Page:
The Zoids cover almost failed to materialise. Martech suffered delays in development of the program, and would have preferred to put it off for a month. But the December cover was already promised to another. After much hesitation it was decided to go with the Zoids game preview at the very last moment; so here is another painting executed by Oliver with only a couple of hours to spare. As large figures on a monstrous scale, explosions and blasting beams of light have always been among his specialities, it was not a serious problem to produce something excellent in a short time.
Excitement! Sinclair had produced a 128K Spectrum! Well, not quite. He’d signed a deal with Investronica of Spain and the Spanish had a 128K machine. It was something of an insult, but to be fair, as the editorial stated, the City had given Sir Clive a hard time, no wonder he turned abroad for comfort. Would the new machine be made available in Britain? Not likely, not with the financial position of Sinclair, sitting on stocks of abortive QLs and yet-to-be-sold Spectrum+ machines in the high streets. CRASH did eventually get its hands on a Spanish 128 and discovered that it would have been of little relevance to the British market. We were still left waiting.
CRASH’s editorial masthead had expanded yet again, to credit Gary Penn, Julian Rignall and Gary Liddon as contributing writers. This was at a time when there was an all-hands-to-the-deck feeling about the small staff putting together three magazines. Penn and Rignall, however, only contributed a little to CRASH reviews, working mostly on ZZAP!.
Gary Liddon had originally applied in the previous year. He wasn’t taken on then, but had gone on to do reviews for Big K, and when that magazine closed he went to work for Domark. It was there that Jeremy Spencer met him during a preview for A View To A Kill and was impressed enough to suggest Newsfield hire him as a Staff Writer. At first Gary’s function was to rove between all three magazines, but eventually he settled down as a ZZAP! writer, remaining with the magazine till Newsfield appointed him to Thalamus, its software house.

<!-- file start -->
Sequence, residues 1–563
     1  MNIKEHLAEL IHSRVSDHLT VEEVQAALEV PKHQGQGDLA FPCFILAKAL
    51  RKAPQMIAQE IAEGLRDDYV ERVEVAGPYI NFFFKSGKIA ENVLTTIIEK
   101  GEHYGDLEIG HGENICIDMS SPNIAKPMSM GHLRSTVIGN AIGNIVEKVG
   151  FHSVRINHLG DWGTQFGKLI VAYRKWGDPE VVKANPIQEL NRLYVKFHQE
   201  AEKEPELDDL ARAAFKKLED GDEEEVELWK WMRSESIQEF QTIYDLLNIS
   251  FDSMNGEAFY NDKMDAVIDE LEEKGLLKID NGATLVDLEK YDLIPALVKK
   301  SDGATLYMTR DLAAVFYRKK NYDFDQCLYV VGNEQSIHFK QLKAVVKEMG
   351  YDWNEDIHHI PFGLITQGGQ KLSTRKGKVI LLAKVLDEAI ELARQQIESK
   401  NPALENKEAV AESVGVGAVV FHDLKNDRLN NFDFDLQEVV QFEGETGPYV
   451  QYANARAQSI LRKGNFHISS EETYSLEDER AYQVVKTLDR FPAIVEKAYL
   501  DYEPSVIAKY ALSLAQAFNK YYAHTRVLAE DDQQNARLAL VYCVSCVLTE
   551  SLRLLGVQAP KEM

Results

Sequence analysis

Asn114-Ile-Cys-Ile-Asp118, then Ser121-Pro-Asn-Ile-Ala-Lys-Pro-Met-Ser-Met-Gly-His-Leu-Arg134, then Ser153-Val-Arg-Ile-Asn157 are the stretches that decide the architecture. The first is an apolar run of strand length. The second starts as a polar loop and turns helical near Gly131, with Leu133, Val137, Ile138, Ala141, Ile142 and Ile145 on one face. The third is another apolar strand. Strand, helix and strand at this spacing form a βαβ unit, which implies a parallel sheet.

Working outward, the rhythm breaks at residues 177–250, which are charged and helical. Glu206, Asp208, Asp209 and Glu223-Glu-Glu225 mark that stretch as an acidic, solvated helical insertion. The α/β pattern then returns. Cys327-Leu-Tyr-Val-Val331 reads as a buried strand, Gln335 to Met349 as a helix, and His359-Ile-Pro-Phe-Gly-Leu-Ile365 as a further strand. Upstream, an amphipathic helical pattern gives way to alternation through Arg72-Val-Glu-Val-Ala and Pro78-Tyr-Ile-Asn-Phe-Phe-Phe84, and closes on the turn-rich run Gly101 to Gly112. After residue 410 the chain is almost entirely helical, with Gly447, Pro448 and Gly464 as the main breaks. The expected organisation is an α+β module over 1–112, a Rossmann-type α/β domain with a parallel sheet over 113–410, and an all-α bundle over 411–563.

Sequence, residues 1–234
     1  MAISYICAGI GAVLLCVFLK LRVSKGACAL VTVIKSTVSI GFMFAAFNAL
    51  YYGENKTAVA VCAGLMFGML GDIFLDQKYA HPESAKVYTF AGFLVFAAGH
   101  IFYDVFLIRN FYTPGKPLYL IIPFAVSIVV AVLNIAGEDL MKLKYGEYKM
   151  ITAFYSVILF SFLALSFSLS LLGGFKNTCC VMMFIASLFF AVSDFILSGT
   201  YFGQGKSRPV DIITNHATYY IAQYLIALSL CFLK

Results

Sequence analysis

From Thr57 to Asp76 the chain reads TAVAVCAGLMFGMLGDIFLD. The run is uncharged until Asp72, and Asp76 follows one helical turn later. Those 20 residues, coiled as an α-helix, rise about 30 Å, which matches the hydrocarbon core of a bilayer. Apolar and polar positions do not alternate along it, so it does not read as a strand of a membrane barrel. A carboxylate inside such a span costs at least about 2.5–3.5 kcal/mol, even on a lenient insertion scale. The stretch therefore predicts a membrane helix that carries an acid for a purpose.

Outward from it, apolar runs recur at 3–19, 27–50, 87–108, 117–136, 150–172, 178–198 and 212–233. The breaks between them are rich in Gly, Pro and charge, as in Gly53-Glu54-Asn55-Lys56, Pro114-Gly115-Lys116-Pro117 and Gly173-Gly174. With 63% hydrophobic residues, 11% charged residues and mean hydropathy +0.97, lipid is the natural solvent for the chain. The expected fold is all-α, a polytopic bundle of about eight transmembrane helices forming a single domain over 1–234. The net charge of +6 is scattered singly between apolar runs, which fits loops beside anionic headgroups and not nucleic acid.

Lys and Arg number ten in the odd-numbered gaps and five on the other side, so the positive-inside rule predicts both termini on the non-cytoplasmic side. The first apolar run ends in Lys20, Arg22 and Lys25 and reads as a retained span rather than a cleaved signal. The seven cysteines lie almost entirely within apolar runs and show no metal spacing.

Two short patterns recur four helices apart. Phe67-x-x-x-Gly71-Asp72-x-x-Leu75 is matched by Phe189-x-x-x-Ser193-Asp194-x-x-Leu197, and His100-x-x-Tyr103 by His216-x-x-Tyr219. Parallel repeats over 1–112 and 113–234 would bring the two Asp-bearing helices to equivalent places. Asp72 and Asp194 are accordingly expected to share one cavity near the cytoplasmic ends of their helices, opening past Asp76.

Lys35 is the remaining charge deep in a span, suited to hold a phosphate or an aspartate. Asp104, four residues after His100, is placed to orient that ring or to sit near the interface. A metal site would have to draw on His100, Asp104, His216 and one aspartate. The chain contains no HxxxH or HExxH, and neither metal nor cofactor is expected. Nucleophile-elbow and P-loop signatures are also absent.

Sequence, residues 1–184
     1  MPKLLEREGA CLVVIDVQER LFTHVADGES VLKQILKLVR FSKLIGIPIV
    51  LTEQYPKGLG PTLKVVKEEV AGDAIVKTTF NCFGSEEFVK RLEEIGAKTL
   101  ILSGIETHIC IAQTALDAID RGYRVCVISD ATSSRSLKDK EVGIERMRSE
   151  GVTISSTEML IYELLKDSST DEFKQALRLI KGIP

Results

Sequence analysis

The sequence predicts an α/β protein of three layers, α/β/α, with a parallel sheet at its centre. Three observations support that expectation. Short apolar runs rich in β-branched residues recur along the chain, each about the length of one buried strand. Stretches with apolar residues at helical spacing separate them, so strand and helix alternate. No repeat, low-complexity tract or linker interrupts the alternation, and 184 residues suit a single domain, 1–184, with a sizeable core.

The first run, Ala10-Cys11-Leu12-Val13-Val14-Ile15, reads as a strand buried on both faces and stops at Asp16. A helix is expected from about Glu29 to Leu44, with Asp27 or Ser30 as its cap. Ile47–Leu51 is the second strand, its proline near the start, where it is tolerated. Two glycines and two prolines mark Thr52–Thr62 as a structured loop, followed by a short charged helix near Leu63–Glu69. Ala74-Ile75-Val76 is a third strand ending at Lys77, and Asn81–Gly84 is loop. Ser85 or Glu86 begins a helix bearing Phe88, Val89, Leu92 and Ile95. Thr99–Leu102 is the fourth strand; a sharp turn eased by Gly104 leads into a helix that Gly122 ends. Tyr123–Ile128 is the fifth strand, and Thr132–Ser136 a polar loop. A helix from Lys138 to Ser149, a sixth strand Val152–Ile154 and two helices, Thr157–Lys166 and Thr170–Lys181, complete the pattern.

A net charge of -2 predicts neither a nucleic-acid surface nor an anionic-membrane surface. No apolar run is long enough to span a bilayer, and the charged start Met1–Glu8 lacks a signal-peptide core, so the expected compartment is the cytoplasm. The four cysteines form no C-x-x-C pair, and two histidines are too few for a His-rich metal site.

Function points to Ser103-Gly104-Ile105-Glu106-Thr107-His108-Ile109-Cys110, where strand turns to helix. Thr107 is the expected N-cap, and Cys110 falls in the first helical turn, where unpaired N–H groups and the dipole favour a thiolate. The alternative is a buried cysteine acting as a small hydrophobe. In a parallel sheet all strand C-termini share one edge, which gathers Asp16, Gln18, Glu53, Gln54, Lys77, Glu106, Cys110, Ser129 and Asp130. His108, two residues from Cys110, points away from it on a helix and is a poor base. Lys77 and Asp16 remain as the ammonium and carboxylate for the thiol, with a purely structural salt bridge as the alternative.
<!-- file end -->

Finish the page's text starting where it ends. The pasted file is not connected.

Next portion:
Astro Clone and Marsport were two of the Smashes for the issue, hardly surprises. Neither was Elite a surprise. The Spectrum version lacked some of the Commodore’s qualities, but made up for them that in speed; it was undoubtedly a Smash. The Edge also earned its spurs with Bo Jangeborg’s Fairlight. It was superficially like recent Ultimate 3-D games, but CRASH reviewers saw it as knocking ‘Filmation’ into a cocked hat and providing a depth of game to go with the graphics. Bubble Bus scored again with Steve Crow and Starquake, a beautifully-designed game which led one reviewer to comment that it was the route Ultimate should have taken.
Melbourne House’s follow-up to The Way Of the Exploding Fist, another joystick-manipulating fight game called Fighting Warrior, struck a chord of discontent. It just didn’t work well enough. But Sean Masterson found himself satisfied interviewing a programmer working for CRL on a game called Tau Ceti. The programmer in question was Pete Cooke, veteran of Richard Shepherd adventure days (Urban Upstart for instance) and responsible for CRL’s modest Juggernaut. Sean was impressed by Pete’s good taste in science-fiction novels, but there seemed no doubt that Tau Ceti would be a success for CRL, a long-lived software house in search of a hit game.
After some 20 months of single-handedly photographing all game screens for the magazines, David Western got some help in the form of a young local photographer called Cameron Pound. It was to be some months before Cameron ceased to be a trainee and got his name on the masthead, but today Cameron and his assistant Michael Parkinson take and process hundreds of colour and monochrome pictures every month.
As we went to press, deals were being finalised for December’s cover for Domark. The idea seemed sound enough, but in several ways it was to be a severe problem...